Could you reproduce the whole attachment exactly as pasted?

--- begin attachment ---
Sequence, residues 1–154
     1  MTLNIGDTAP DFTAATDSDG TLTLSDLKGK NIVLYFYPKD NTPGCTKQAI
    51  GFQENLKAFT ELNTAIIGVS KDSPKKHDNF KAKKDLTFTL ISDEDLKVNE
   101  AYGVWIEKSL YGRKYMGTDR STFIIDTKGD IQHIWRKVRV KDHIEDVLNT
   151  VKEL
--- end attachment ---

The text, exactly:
Sequence, residues 1–154
     1  MTLNIGDTAP DFTAATDSDG TLTLSDLKGK NIVLYFYPKD NTPGCTKQAI
    51  GFQENLKAFT ELNTAIIGVS KDSPKKHDNF KAKKDLTFTL ISDEDLKVNE
   101  AYGVWIEKSL YGRKYMGTDR STFIIDTKGD IQHIWRKVRV KDHIEDVLNT
   151  VKEL